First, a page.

The real rub with air travelDid you know? To the TSA, everyone is suspect
I am an infrequent traveler, and the airlines and the TSA are making me less of a fan.
Now, I don’t mind most pre-travel procedures. Men are taught from childhood to empty our pockets on command. And I have learned to live with the embarrassment of shoe removal (Are there holes in my socks?), the manhandling of my electronics and the removal of my belt.
But I must admit, the older I get (and the more I fly) the more interested I am in Sansabelt slacks. But I am waisting (No pun intended) space with this intro.
You need to hear about my latest TSA experience at the mellowest of all local airports — Asheville Regional. My wife and I were on our way to Baltimore to see our new granddaughter, Zoe Olivia. We arrived at the airport hours before our flight with the requisite two large suitcases, carry-ons, coats, books and multiple iPods. (We were traveling so lightly because we would only be gone for the weekend.)
All was well with the world when upon presentation of my boarding pass and ID, I was “randomly selected” for a new screening procedure. No big deal (I thought). They rubbed the tops and bottoms of my hands with a felt pad and used a machine to analyze it. Unfortunately for me, the alarm went off.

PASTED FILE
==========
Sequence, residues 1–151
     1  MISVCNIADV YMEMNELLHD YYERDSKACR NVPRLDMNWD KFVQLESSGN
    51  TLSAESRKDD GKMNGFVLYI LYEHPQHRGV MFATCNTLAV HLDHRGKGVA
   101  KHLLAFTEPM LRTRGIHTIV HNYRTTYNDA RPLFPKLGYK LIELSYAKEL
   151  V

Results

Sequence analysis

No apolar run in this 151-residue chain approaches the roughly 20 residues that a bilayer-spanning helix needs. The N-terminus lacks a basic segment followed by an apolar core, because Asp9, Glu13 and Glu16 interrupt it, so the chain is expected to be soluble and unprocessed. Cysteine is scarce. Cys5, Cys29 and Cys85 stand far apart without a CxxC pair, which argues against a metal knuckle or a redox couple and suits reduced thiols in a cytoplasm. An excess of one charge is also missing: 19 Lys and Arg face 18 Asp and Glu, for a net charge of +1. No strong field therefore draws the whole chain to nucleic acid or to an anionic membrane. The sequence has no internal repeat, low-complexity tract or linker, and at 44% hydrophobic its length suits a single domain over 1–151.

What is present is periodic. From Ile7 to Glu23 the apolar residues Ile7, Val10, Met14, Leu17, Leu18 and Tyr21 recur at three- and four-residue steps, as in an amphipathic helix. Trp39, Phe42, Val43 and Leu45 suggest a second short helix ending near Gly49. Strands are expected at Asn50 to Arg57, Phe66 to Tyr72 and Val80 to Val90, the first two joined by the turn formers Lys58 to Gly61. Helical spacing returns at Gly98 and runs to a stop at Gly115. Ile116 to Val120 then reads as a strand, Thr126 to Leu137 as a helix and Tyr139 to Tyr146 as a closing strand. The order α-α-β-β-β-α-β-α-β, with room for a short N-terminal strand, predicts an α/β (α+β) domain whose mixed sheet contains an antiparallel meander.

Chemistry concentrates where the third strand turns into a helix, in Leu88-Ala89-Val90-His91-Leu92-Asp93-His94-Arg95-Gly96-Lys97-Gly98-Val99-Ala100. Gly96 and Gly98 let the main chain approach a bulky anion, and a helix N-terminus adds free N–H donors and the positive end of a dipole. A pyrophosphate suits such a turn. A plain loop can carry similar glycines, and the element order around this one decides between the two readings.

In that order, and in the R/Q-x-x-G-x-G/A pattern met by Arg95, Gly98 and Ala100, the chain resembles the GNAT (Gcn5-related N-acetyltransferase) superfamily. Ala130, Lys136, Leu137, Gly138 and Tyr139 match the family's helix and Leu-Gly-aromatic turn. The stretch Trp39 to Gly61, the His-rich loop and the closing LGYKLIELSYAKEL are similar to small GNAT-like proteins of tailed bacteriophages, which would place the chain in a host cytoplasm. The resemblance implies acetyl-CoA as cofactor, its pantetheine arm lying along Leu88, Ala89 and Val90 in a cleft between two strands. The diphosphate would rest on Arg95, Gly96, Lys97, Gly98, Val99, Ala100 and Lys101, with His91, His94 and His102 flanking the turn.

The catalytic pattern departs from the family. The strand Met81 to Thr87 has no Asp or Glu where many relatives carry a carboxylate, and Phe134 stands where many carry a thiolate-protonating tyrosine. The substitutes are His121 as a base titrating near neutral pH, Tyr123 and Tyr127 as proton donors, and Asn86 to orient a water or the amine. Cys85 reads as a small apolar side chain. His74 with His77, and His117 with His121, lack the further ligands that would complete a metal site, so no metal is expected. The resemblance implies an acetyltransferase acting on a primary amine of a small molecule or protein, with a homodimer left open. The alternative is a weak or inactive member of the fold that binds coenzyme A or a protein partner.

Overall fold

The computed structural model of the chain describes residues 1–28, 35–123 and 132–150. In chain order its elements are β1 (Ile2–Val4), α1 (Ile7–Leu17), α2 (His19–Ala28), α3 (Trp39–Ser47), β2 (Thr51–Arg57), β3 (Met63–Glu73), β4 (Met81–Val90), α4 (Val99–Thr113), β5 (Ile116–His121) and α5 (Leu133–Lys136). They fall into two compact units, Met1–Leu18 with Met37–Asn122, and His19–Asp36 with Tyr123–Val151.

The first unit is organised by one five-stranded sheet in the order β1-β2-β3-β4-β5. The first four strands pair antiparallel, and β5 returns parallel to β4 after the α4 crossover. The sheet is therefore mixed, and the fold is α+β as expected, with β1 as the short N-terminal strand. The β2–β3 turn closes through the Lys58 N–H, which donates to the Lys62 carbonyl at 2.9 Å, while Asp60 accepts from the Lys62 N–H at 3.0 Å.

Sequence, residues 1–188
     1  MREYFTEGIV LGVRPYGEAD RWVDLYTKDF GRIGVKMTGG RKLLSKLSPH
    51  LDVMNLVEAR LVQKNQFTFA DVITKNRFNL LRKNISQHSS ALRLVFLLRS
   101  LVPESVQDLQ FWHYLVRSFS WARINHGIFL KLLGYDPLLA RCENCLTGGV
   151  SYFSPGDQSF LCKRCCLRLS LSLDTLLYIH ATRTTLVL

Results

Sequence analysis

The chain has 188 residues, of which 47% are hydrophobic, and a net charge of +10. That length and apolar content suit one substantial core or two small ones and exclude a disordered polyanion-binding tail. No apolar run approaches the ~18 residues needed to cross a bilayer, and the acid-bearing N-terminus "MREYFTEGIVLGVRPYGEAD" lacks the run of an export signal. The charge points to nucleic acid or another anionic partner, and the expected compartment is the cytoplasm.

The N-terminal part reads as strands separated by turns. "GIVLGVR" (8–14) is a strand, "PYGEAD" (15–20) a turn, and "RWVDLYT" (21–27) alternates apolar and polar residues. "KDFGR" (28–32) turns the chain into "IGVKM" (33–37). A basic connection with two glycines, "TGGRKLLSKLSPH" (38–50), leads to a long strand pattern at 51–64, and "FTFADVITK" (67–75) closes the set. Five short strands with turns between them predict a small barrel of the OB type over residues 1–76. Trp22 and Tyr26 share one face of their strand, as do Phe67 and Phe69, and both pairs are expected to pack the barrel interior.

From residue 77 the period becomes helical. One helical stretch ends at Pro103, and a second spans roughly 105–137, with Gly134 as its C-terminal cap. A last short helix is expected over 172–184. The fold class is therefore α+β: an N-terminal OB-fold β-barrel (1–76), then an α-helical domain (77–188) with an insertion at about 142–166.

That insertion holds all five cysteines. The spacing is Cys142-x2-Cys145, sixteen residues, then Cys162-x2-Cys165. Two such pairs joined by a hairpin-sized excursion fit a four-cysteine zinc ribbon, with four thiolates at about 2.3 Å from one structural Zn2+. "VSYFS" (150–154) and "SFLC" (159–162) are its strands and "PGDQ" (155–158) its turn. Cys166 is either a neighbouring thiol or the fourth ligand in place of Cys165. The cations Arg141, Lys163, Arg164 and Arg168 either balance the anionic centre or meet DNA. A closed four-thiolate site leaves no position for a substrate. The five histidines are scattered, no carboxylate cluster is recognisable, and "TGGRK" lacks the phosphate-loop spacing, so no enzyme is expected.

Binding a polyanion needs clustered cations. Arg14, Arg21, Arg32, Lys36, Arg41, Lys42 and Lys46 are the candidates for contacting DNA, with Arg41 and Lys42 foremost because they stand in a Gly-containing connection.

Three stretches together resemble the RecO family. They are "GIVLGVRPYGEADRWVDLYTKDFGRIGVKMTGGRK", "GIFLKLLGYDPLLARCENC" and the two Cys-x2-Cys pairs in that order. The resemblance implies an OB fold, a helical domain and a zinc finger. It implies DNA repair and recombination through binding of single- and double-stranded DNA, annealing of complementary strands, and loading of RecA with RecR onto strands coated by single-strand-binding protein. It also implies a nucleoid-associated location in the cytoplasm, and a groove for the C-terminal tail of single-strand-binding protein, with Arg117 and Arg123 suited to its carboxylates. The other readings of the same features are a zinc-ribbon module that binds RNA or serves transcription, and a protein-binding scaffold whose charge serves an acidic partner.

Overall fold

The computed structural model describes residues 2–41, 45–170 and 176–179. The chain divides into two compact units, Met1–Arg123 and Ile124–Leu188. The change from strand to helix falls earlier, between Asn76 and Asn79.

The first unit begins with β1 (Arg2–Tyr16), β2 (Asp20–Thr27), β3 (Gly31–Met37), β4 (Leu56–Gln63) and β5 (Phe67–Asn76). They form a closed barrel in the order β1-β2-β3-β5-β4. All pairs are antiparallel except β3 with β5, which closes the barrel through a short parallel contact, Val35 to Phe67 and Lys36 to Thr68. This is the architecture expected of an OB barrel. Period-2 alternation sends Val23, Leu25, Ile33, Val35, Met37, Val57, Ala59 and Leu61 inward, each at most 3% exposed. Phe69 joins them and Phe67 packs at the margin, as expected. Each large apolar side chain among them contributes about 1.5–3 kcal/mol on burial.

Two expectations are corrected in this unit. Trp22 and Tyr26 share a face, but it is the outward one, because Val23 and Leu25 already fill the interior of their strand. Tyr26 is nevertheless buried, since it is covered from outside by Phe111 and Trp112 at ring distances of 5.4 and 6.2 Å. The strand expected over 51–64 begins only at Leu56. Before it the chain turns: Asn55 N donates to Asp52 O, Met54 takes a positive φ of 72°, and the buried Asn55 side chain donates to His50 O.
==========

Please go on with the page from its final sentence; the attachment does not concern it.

It seems I had tested positive for chemicals used in the making of (the “B” word).
I was quickly whisked away to a special section of the TSA maze where they had me “really empty” my pockets — cell phone, change, wallet, etc.
“Are you sure your pockets are empty?" they asked.
That’s when I remembered the large roll of bills I had in my rear pocket.
“I can explain ... it’s tip money," I said.
They raised their eyes. To the TSA, TIP stands for “Terrorist Incentive Plan,” and my wad of ones identified me as a low-level operative.
I was then removed to a special room where two TSA specialists “had their way" with me. Actually, the agents took great care that I was completely comfortable, as they painstakingly explained the procedures … then patted, poked, pressed, rubbed and reassured me, all by hand.
During this time, I was (as usual) talking non-stop trying to figure out why I had been “randomly selected.” That’s when they asked me what kind of work I did?
“I work at a golf course," I explained.
“Have they applied any fertilizer or chemicals recently,” they asked?
“Lime,” I replied.
EUREKA! It seems that lime is a nitrate, much like what Timothy McVeigh used in Oklahoma City bombing.
I was then released to the custody of my wife, who had been supervising the thorough search of my carry-on luggage. When I told her my story, she laughed … then chastised me with a common outcry around our house — Wash your hands!
As soon as I got my gear (and myself) together, I did wash my hands — thoroughly.
I don’t want to catch lime disease.